- The Washington Times - Saturday, December 2, 2006

My 8-year-old daughter recently had what we believe was a 24-hour stomach virus. Ever since then, she has been obsessed, worried that what she eats may make her sick. Every night she is concerned that she will become sick again and breaks down in tears.

My wife and I are at our wits’ end and regrettably have lost patience with her a few times and told her just to get over it. This has been going on for almost two months. We are concerned her behavior may become a pattern. How should we handle this situation?

A: You’re correct in thinking that your daughter’s “petite-neurosis” could become not only a pattern but an ever-worsening condition. Your letter would suggest, however, that she is not having this problem at lunchtime at school. If that’s so, the problem is still in its infancy and should be fairly easy to put behind you.

Children often misinterpret events, especially upsetting ones, and are prone to exaggerated emotions or dramatics. This is what has happened, which means this is not a psychological problem in the sense of being deeply rooted in your daughter’s psyche. Nor is this likely an indication that something else is amiss in her life. Her illness was upsetting to her, obviously. She didn’t fully understand what was happening to her or why, and she became fearful. You and she are going through what I would term “aftershocks.”

This is not a behavior problem in the usual sense of the term. Nonetheless, to bring this chapter in your family life to a quick close, you are going to have to exert a disciplinary authority that is more potent than her anxieties, which therefore will help her subdue them.

You need to tell her, matter-of-factly, that the evening meal is a time for family harmony and that panic and weeping at the dinner table are very disruptive. Therefore, you are going to feed her first, and she is going to eat by herself until she feels she once again can join the family without becoming upset and upsetting the two of you.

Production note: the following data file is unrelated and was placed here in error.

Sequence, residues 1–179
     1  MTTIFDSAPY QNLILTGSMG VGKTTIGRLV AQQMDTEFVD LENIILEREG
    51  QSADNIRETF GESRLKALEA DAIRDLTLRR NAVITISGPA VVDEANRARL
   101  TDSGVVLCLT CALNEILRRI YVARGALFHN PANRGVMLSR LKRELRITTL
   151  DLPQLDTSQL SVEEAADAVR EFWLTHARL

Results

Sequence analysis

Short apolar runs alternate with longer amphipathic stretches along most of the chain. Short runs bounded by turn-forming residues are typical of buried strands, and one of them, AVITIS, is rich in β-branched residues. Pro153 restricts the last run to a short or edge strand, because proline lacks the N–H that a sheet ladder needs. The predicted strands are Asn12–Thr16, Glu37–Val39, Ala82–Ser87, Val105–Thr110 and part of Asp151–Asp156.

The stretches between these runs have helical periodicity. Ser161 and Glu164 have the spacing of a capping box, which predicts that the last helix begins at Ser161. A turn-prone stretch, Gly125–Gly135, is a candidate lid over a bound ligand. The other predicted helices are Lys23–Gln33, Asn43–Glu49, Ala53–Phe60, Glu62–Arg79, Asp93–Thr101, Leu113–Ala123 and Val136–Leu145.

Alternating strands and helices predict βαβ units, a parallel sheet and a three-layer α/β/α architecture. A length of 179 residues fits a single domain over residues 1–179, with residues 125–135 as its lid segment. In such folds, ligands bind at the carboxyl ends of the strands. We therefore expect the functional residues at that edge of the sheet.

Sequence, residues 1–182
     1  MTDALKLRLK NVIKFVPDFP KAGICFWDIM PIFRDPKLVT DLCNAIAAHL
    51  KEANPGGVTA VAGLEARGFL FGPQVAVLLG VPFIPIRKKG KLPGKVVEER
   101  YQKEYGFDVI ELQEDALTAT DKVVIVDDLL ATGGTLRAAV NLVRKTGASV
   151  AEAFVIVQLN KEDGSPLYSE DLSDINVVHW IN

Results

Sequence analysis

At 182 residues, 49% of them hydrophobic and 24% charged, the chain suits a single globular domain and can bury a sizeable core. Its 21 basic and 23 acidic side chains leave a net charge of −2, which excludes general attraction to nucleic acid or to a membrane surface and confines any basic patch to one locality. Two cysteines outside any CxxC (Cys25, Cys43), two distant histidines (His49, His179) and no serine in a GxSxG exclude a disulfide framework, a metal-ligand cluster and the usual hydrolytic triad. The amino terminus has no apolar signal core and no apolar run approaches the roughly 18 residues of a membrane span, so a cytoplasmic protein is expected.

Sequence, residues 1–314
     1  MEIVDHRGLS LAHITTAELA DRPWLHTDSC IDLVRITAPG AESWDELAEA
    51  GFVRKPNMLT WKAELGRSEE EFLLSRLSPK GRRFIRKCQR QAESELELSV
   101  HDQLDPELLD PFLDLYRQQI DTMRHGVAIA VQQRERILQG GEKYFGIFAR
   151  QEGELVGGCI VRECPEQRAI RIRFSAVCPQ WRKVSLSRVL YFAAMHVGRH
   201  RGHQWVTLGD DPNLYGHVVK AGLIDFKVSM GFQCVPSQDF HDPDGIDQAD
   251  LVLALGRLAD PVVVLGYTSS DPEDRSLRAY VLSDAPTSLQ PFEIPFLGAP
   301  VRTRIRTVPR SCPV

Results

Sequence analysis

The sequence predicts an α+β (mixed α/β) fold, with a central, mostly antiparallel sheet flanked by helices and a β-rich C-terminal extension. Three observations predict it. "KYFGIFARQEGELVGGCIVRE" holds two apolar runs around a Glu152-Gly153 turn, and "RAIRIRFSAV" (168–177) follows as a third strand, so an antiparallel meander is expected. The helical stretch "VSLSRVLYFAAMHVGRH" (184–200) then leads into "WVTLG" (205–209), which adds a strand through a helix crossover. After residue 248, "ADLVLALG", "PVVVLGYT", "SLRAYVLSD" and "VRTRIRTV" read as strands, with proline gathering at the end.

You also need to tell her that you have said all you have to say about her anxieties and you are not going to talk about them any more. It’s important that you not present this as punishment but simply as what you need to do to enjoy the evening meal.

When you serve her dinner, you need to leave the room and let her eat by herself. Tell her she does not have to eat what you have prepared — do not customize dinner for her — but you are not going to fix her another meal or reheat her food later. If she doesn’t want to eat, she should simply get up from the table and find something to do. If she becomes hungry later, she should fix herself a snack. It’s very important that you not fix more than one evening meal for her.

My experience tells me that if you stay the course, this problem should be history within a month.

Family psychologist John Rosemond answers parents’ questions on his Web site (www.rosemond.com).

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